I basically felt the same way you did, although I would quibble a bit and say last quarter was weak. It ended too upbeat for me and the titanic evil was distilled into a fairly pathetic foe.

Oooh, The Hunger Games. Made me sob like an angry toddler. Stomach-turning, for sure, but I *really* enjoyed it. But yes, it was extremely disturbing to enjoy something so incredibly revolting.

Tripp,
Okay, I'll give you last quarter. I was really disgusted with the ending because the first three-quarters was so good--genuinely creepy!

Rachael,
Yes, I'll admit, I cannot wait for the final book in the Hunger Games trilogy this fall. If that's wrong, I don't want to be right. I still say it wasn't as disturbing as many thrillers--perhaps the slightly futuristic setting provided some cushioning?

Man, I need to read Hunger Games apparently.

CR, you are exactly right that the end was so disappointing as the build up was so good. This happens to some of the Stephen King books, but I feel like he sometimes painted himself into a corner, not end up with a lame conclusion.

We just had our book group last night (16 in record breaking attendance) and we discussed a legal thriller The Hidden Man by David Ellis. What kept coming up in the discussion was that the writer was being too manipulative in his writing style. Maybe this is why you don't like the thriller, the author is playing with you, setting up red herrings and leading you down the wrong path. Ellis, by the way is a Chicago lawyer who recently was lead prosecutor for the impeachment of Governor Blagovich. The trial delayed writing his book. Ellis also runs marathons in his spare time, that is one busy author.

Anything co-written isn't a book.
It's a project.

Tripp,
I'd be interested to hear what you think about "The Hunger Games." It's a YA novel, so it's a fast read. People seem to either love it or feel complete indifference for it, not much middle ground.

Katharine,
Wow, 16 for a book group, AWESOME! You are Super-Librarian. And yes, I do always feel manipulated by thriller writers, with their short chapters and cliff-hangers, makes me feel like I have to read at their pace. And I do not like being told what to do. Interesting that others found Ellis's style manipulative too--particularly him, or did the subject of thriller authors and manipulation in general come up?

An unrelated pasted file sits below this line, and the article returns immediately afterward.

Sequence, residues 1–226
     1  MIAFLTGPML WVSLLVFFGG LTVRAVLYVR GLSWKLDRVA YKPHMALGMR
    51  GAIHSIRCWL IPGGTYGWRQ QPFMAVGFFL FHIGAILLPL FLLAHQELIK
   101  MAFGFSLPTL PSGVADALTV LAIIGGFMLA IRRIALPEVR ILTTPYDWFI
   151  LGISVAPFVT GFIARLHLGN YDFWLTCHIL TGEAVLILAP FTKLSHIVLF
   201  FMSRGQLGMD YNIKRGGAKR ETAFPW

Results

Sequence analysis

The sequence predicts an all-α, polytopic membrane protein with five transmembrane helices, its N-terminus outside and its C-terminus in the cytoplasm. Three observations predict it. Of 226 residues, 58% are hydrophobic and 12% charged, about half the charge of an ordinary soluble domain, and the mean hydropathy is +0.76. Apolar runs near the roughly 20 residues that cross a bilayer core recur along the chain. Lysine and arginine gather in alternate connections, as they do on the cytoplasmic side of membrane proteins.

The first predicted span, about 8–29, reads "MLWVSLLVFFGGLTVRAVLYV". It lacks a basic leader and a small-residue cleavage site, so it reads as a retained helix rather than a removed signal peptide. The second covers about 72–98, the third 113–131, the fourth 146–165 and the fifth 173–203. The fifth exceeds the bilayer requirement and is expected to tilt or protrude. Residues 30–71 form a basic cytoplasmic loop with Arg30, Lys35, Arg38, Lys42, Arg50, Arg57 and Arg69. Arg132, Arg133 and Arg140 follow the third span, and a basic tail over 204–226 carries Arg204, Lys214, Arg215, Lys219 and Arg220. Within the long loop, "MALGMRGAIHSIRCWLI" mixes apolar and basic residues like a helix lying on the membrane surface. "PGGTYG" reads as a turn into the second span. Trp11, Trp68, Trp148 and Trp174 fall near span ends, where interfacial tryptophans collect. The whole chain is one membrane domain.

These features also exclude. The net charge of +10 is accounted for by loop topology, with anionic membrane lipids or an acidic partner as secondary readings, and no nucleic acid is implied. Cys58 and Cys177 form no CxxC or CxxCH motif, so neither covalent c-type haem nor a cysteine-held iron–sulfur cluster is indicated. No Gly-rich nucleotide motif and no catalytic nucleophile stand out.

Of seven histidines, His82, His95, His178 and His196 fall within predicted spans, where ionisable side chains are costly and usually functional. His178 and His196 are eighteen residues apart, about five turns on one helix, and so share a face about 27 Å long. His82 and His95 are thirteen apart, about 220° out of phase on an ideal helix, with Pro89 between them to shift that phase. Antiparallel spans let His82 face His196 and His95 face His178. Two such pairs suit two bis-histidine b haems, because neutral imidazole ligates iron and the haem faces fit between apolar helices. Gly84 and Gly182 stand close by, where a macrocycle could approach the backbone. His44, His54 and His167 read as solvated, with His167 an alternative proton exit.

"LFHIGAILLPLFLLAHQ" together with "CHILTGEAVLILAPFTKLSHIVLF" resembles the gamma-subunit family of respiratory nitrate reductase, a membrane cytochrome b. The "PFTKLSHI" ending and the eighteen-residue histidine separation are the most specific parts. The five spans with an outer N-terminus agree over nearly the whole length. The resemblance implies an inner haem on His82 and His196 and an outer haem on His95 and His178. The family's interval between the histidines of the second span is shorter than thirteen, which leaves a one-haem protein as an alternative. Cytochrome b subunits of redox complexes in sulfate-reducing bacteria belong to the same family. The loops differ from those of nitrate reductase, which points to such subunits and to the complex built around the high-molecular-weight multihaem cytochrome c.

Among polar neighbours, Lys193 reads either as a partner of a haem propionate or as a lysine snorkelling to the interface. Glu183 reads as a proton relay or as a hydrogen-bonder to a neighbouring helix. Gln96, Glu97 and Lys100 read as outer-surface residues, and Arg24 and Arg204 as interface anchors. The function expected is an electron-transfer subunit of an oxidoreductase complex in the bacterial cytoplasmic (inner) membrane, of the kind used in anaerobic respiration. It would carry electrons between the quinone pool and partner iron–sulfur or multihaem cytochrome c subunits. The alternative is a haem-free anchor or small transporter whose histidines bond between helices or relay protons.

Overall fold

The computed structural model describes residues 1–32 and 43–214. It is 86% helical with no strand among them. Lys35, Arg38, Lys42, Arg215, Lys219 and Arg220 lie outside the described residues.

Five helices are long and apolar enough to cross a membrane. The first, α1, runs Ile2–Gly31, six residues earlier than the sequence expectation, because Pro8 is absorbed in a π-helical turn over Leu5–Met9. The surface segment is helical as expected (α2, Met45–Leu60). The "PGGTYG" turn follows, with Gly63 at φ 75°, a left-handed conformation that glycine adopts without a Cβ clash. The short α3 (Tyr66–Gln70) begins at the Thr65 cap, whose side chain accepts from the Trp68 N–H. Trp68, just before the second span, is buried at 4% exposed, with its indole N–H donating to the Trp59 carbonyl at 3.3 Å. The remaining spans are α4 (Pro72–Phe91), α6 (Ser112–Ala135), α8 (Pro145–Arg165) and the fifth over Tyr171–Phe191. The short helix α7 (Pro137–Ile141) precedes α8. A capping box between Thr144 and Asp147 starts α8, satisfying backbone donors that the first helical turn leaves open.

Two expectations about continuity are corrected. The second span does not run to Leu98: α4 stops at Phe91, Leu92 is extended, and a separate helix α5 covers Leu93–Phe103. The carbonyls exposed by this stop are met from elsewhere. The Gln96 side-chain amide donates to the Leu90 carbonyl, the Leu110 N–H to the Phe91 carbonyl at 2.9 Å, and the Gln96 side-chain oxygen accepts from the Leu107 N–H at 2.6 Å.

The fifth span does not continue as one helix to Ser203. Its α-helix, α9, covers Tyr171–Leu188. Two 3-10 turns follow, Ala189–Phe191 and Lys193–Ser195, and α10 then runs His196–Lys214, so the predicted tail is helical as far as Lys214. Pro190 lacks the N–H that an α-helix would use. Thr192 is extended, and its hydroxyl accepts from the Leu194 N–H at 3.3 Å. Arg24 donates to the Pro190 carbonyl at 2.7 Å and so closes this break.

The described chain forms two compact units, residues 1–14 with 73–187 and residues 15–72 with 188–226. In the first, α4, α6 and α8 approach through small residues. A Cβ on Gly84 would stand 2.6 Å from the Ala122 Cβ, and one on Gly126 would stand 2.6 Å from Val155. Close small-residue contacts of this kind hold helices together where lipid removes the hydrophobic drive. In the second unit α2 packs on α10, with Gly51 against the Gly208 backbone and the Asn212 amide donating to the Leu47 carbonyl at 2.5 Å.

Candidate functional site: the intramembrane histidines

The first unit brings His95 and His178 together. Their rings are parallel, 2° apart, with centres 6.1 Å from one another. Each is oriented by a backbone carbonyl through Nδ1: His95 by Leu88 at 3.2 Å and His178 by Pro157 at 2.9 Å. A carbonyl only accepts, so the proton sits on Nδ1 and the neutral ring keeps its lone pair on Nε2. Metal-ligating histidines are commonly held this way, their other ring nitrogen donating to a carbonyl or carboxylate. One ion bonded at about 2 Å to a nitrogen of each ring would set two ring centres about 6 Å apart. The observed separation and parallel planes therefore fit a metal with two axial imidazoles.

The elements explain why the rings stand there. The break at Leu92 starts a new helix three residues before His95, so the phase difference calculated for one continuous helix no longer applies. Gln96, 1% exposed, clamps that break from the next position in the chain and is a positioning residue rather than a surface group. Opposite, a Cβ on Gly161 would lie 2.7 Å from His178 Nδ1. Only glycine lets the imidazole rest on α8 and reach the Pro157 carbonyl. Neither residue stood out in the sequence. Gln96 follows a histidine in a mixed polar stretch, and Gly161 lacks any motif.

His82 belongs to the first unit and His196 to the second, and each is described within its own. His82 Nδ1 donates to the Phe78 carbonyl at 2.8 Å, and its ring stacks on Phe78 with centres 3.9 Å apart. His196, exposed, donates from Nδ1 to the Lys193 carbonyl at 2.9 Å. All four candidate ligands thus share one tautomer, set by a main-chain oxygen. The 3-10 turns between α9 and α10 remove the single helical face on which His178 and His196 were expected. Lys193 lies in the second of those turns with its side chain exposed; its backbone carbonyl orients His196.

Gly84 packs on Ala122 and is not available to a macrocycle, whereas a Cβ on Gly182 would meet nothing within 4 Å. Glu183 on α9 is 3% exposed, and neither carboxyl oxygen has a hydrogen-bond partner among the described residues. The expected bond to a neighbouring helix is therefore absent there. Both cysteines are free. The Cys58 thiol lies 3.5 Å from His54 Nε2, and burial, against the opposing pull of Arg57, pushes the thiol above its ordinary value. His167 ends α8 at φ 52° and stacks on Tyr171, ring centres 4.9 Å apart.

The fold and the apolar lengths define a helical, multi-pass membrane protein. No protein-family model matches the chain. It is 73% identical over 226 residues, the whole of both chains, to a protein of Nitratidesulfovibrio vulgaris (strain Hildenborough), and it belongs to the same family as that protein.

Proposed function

Shelley,
Actually, Monkeewrench was pretty seamless, I thought, for a joint project. What I'd like to read is a good NF book about HOW authors work together on titles like this.

I agree with Mr. CR. It's the "U of M" up here so perhaps that's why the authors thought it might translate to "U of W". But given the proximity, that's ridiculous. I often find my Cheesehead origins winning out over 25 years of living in Minnesota.

Sarah,
Yes, believe me, this issue has been discussed at length here at Chez CR, and we figured it was the U of M connection probably causing the problem. But as you point out, I think even most people in Minneapolis still call it (especially since we share recipcrocity and should know a bit about each others' schools) "the UW."
And, yay Cheesehead origins! I'm not nationalistic at all but I like my state okay. It touches Canada, after all.

Monkeewrench is sitting on my bookshelf, and I didn't even realize that it's a thriller. I happen to like thrillers, so I'll move it up on my list. Thanks!